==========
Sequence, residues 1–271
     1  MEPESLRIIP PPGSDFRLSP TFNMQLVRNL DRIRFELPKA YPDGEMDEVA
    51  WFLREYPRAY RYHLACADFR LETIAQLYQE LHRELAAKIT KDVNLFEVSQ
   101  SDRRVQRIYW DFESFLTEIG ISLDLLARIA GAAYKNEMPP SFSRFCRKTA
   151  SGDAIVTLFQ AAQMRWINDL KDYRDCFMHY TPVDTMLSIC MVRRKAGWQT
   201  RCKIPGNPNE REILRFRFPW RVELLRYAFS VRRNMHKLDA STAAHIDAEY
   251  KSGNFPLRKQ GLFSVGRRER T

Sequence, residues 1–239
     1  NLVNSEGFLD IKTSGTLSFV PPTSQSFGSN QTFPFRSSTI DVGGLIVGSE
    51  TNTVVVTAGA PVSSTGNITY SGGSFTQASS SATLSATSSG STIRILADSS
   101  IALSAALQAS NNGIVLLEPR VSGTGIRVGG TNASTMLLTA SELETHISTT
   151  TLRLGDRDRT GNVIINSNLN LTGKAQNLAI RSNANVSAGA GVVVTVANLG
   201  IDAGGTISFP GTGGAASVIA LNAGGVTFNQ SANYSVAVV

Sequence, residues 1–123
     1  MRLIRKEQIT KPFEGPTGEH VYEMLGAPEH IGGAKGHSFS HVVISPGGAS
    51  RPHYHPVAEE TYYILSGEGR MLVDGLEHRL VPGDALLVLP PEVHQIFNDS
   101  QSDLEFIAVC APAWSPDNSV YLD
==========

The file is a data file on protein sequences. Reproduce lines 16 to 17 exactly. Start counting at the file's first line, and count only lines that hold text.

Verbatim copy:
    51  RPHYHPVAEE TYYILSGEGR MLVDGLEHRL VPGDALLVLP PEVHQIFNDS
   101  QSDLEFIAVC APAWSPDNSV YLD